That said, it’s always important to have a moment to reflect on the hot topics of the past year and think about what we can expect from 2016.

I think that in the next 12 months there’ll be a shift from the glamour of mobile optimisation to the nitty gritty of cross-border growth.

If 2015 was a year of optimisation, 2016 will be about big moves in the market.

2015 was definitely the year for optimisation, as retail kept up with the challenge of responding to changing consumer habits.

The shift from mobile browsing to actually buying was evident. Retailers responded by making sure their sites not only looked good on a mobile device, but that payment was easier too.

At Spreadshirt we found this mobile-first approach gave us a new awareness about customer behaviour online.

Our research on the shift to mobile shopping revealed some interesting behaviour from last winter: the British were more likely than the French or Germans to shop via their mobile and 30% of sales from the UK came via a mobile device compared to Germany (25%) or France (17%).

This gave us a great understanding into how our site should work too.

We put our findings into our optimisation process. As a result we moved closer to our aim of to become a billion dollar business.

As 2015 wore on however, the issue of mobile optimisation began to fade. Retailers had either successfully optimised for mobile, or were frantically trying to make it happen.

As the year ended it was no longer a subject for discussion and other topics, for example delivery optimisation, had moved up the agenda.

Recent Metapak research found that UK consumers were increasingly happy to buy from retailers abroad (around 61%) and valued free delivery over speed.

Same day delivery also became a hot topic and a differentiator for some retailers.

We think shipping and delivery will be a key focus in 2016 too.

One of Spreadshirt’s delivery options

The details of delivery and shipping will come back on the radar as ecommerce companies seek partnerships with effective carriers.

That’s because once you have an awesome product, delivery is the next critical thing for cross-border growth; one of the major issues for the coming year in ecommerce.

The global market can only be accessed if you can actually get your t-shirt onto the backs of your consumers in a sensible timeframe.

For us, scaling-up our worldwide delivery meant opening a new production centre in the Czech Republic, close to the main distribution hub in Dresden.

Our experience of good shipping processes shows that it is all about managing for the best and expecting the worse, especially at peak times.

Better to promise a longer delivery time and surprise the customer by a day, than have a frustrated or worried customer.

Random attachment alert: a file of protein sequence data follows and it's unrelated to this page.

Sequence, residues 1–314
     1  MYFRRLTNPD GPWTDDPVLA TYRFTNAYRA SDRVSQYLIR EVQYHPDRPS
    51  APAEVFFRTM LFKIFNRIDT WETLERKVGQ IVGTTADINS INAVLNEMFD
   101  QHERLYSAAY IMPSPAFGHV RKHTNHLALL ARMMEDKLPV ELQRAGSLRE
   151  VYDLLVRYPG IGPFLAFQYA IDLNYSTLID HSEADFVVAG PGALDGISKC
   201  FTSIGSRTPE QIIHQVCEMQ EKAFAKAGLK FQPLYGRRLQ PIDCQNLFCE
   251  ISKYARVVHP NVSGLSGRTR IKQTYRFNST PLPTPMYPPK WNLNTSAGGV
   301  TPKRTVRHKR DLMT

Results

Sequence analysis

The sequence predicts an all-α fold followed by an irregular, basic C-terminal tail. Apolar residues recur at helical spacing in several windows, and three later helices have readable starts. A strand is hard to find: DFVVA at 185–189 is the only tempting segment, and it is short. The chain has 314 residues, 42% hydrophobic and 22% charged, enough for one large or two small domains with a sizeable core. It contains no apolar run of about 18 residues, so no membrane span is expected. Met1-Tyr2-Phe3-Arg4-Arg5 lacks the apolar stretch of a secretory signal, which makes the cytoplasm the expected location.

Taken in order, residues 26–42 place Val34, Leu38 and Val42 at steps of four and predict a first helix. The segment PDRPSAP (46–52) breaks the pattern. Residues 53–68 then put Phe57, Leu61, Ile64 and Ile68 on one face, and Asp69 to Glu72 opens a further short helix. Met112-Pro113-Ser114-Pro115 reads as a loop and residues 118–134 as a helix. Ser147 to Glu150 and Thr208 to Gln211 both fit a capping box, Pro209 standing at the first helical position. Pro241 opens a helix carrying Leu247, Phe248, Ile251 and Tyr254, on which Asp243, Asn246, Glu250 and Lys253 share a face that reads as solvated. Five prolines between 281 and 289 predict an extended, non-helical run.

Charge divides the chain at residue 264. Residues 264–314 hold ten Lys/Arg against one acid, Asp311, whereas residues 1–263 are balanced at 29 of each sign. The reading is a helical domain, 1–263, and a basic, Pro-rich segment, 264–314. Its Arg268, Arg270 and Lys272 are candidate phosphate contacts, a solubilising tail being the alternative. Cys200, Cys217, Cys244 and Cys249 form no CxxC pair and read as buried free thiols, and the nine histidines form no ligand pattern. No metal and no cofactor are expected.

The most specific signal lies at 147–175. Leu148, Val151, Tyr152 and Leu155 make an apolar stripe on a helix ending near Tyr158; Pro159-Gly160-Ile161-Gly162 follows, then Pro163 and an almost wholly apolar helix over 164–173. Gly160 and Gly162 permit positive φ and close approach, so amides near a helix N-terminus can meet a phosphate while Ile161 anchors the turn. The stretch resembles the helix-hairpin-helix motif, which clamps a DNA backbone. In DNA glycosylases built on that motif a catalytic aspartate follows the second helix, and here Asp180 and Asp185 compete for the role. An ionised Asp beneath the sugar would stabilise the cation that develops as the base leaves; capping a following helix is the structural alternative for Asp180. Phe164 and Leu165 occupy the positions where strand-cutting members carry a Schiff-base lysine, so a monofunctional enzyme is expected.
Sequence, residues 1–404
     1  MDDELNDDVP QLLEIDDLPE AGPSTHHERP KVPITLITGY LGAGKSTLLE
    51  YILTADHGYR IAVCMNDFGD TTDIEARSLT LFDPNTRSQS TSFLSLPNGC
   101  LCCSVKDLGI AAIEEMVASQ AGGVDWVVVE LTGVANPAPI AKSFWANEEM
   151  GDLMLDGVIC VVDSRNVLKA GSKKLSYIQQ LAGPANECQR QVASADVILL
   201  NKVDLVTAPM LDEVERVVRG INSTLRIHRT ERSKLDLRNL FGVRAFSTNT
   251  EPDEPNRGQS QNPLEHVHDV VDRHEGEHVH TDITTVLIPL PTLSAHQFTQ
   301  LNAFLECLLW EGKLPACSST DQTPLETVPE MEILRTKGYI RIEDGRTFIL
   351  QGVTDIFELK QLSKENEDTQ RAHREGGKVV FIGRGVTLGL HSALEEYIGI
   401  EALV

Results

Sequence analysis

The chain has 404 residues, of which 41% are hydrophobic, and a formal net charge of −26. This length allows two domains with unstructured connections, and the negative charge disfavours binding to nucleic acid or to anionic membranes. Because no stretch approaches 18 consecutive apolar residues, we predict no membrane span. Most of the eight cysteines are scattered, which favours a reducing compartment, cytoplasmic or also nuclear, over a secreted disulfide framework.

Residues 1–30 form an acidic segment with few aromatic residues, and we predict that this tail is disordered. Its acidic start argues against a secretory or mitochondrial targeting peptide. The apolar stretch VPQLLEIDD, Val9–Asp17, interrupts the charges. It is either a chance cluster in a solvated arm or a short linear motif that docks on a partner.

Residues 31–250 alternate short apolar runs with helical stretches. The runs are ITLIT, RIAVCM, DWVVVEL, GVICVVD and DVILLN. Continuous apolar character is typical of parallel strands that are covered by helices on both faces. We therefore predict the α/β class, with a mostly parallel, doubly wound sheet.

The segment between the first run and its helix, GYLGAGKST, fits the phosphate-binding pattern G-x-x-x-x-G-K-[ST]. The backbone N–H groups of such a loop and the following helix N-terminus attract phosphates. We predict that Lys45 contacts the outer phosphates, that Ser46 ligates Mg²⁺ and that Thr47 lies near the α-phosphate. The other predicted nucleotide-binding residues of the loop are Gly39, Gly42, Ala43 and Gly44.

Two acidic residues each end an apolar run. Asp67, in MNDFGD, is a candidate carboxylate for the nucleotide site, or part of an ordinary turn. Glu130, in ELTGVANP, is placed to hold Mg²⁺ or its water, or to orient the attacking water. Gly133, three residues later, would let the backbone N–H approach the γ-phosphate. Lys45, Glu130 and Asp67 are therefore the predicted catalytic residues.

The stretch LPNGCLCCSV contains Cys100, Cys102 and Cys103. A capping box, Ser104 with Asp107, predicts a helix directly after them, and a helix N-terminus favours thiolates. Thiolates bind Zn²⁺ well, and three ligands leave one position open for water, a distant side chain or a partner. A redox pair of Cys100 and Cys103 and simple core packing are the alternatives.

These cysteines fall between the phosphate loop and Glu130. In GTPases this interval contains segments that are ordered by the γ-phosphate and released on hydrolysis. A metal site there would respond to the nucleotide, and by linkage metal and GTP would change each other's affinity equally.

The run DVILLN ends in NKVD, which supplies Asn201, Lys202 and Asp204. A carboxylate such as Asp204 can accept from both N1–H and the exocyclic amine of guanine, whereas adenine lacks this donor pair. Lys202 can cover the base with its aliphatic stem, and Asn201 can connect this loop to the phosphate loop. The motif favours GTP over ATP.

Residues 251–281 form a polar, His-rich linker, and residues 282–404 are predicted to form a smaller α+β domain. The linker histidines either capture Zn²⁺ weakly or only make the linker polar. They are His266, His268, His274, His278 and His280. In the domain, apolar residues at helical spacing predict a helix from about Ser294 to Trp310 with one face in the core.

Even off-peak, good shipping is about testing the alternatives to get the best value for customers in terms of service versus cost, and then managing the customer’s expectation to exceed that value.

Our key shipping considerations are:

  • research relevant custom regulations,
  • check your labels (seriously!),
  • choose the right shipping company for your destination,
  • know who will be handling your product and check your products are packaged correctly.

Unfortunately, delivery errors are often learned the hard way, after customer complaints and lost time and money.

Shipping and cross-border growth will be particularly important as everyone aims to get big or die.

We expect big players to grow their core offerings and launch new niche services. In most ecommerce markets there are too many players, so we predict some mergers and acquisitions activity as the sector consolidates in 2016.

Strategic partnerships will be on the agenda, as organisations seek the magical one plus one equals three opportunity. We see this trend continuing throughout next year and into 2017.

In the UK, planning for cross-border growth may encourage businesses to think about the country’s continued presence in the EU.

Access to a market with a single currency, which is almost as large as the USA, is vital for businesses looking to scale.

Companies which can grow in a single, big market are often more investable and scalable from day one; from there they can position for global growth.

Spreadshirt has been able to grow by developing in a market of around 400m internet users across Europe, and from there, we’ve used our size to launch into the US market.

At the end of 2015 we find ourselves in Canada, Brazil, Australia and now looking at Asia. Without the EU scale this would never have happened.

Maybe cross-border growth doesn’t sound as glamorous as mobile optimisation. It means getting involved in the details of shipping, customs and taxes.

But we think it’s going to be a big issue for 2016. And one which if done right, can have a major effect on the bottom line.

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